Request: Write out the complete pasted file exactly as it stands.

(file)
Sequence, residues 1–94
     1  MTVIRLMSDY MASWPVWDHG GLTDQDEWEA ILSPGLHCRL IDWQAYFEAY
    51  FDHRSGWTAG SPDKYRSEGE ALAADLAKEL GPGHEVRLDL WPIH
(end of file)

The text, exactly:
Sequence, residues 1–94
     1  MTVIRLMSDY MASWPVWDHG GLTDQDEWEA ILSPGLHCRL IDWQAYFEAY
    51  FDHRSGWTAG SPDKYRSEGE ALAADLAKEL GPGHEVRLDL WPIH